Although the hamstring functions as a good synergist to the gluteus maximus, it is not designed to be the sole hip extensor. Synergistic dominance by the hamstrings can lead to premature fatigue, overuse and overactivation of the hamstring muscles. This could put the client at risk of hamstring strains, hamstring cramps and SI joint pain. - See more at:
Vertical forces are directed more centrally on the mandibular alveolar ridge, which gives more stability to the lower denture. The upper posteriors can be positioned more buccal of the ridge because the lingual cusps are active and should be situated at the top of the maxillary ridge. In many cases, this prevents an arrangement in cross bite and improves the aesthetic aspect of the dentures. Balanced occlusion with a freedom of centric is easy to achieve within an area of 2 to 3 mm around the centric stops.
The nasal septum bisects the nasal cavity and comprises three portions: the bony perpendicular plate of the ethmoid (superoanterior) and the vomer (posterior and anteroinferior), a cartilaginous anterior triangle, and an inferior membranous columella that divides the nares anteriorly. Laterally, the nasal wall has three or more horizontal ridges termed turbinates, with a corresponding meatus below each (Figure 1.4). During the sixth week of embryologic development, before cartilage forms in the walls of the primitive nasal cavities, linear outgrowths of the lining epithelium occur on the sides and roof of each nasal side. Each outgrowing gutter becomes a meatus, whereas the ridges left behind form the turbinates.8,16 The inferior turbinate is the largest, arising from the medial wall of the maxillary sinus. The smaller and more posterior middle, superior, and supreme (if present) turbinates are outcroppings of the ethmoid bone.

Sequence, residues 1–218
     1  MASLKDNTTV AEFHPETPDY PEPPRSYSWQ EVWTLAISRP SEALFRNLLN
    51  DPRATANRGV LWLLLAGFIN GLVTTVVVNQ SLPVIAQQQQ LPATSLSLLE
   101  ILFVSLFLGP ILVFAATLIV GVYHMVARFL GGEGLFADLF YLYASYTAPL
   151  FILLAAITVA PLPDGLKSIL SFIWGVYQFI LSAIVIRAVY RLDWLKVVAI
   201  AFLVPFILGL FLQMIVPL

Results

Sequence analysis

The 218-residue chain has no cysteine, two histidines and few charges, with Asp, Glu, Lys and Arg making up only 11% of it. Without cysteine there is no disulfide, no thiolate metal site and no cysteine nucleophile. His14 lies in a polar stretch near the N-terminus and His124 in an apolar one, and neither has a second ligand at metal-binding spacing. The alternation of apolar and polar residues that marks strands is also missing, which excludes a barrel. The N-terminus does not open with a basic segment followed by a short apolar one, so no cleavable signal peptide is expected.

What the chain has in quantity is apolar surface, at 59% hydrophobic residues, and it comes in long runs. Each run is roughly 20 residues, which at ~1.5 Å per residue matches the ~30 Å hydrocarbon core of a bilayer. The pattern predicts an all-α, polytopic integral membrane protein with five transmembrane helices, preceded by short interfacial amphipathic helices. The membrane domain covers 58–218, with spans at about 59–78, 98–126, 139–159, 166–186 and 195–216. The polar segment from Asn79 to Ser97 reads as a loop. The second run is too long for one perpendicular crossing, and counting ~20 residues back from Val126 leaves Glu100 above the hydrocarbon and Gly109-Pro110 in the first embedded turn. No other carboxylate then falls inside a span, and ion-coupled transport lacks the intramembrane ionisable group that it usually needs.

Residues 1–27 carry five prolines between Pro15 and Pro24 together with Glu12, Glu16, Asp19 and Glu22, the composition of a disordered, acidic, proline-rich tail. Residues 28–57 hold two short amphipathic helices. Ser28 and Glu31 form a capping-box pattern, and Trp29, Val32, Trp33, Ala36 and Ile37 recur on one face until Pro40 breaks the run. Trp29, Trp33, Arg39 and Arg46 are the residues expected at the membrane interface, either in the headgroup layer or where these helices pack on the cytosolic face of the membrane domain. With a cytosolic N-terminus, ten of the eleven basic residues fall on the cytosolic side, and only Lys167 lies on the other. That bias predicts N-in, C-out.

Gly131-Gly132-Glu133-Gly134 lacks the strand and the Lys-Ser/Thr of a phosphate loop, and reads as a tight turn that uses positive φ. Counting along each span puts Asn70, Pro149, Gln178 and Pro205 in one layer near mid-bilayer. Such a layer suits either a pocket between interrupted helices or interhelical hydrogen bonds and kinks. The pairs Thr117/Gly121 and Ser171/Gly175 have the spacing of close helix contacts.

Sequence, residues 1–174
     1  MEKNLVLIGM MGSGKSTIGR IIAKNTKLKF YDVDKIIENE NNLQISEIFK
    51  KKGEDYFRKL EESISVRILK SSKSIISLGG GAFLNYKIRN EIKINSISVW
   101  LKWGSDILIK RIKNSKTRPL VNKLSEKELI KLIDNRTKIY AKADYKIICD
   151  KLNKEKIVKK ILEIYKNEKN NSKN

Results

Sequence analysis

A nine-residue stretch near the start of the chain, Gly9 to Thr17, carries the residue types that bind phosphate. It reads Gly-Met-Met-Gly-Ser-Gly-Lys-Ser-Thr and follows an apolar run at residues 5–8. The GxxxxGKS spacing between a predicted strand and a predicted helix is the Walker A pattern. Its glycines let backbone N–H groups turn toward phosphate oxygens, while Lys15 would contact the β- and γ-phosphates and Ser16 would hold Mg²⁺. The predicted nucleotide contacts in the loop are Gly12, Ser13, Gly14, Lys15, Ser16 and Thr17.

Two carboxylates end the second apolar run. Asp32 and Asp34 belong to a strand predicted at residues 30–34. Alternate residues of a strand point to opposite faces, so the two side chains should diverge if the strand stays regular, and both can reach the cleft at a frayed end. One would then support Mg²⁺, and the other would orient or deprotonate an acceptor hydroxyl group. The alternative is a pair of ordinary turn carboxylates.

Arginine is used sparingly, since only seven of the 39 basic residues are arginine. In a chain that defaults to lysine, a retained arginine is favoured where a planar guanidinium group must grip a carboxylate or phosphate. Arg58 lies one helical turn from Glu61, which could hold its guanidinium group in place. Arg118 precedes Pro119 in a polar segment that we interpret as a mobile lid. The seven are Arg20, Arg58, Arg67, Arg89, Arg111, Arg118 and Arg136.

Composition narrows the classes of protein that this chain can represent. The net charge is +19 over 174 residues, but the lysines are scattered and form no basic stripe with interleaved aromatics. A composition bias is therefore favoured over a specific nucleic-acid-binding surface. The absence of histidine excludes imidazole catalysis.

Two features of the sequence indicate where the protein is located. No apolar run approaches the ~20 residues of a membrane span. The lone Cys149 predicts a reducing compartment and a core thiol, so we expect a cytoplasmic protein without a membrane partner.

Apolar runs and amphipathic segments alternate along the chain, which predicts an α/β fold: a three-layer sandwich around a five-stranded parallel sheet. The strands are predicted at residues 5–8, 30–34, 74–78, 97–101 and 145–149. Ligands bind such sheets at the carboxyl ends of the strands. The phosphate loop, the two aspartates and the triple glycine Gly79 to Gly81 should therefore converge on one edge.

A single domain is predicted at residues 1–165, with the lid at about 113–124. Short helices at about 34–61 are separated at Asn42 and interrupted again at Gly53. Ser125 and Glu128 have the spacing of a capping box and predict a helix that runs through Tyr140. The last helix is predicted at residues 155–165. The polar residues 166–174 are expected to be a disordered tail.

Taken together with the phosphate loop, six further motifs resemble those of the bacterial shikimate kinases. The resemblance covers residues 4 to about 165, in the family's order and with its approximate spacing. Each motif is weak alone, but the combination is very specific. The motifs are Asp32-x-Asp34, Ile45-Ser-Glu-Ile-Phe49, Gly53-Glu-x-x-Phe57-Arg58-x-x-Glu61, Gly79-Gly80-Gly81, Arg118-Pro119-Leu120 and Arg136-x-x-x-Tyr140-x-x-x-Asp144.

The latissmus dorsi and the medial gluteal are both movers and range of movement muscles. They enable the legs to move back when one of the hooves touche the ground. For the muscles to be strong and elastic and to not have spasms and lock sections and to deliver efficient motion, the hamstring group and the deep caudal pectoral muscles give additional strength to the "lats" and the "gluts". The "elastic ring" muscles of the trunk give equine movement its brilliance by storing and releasing energy from motions of the legs. There is also a connection from the bottom system of muscles to the tongue via the hypoid apparatus.
The hip is a true ball and socket joint and the arrangement gives the hip the large amount of motion needed for daily activities like walking, squatting and stair climbing. The bones that form the hips are the femur or far bone and pelvis. The top of the femur shape like a ball called femoral head that fits into a round socket on the side of the pelvis. This socket is named as acetabulum. The femoral head is attached to the rest of the femur by a short section of a bone called femoral neck.
The medial part below the CA forms the dentate gyrus. The hippocampus is differentiated from other cortical areas in the brain due to its archicortical architecture and highly laminar organization. The Cornu Ammonis is subdivided into CA1, CA2 and CA3 region with CA3 proximal to the dentate gyrus. Sometimes the polymorphic layer of the dentate gyrus is regarded as the CA4 region.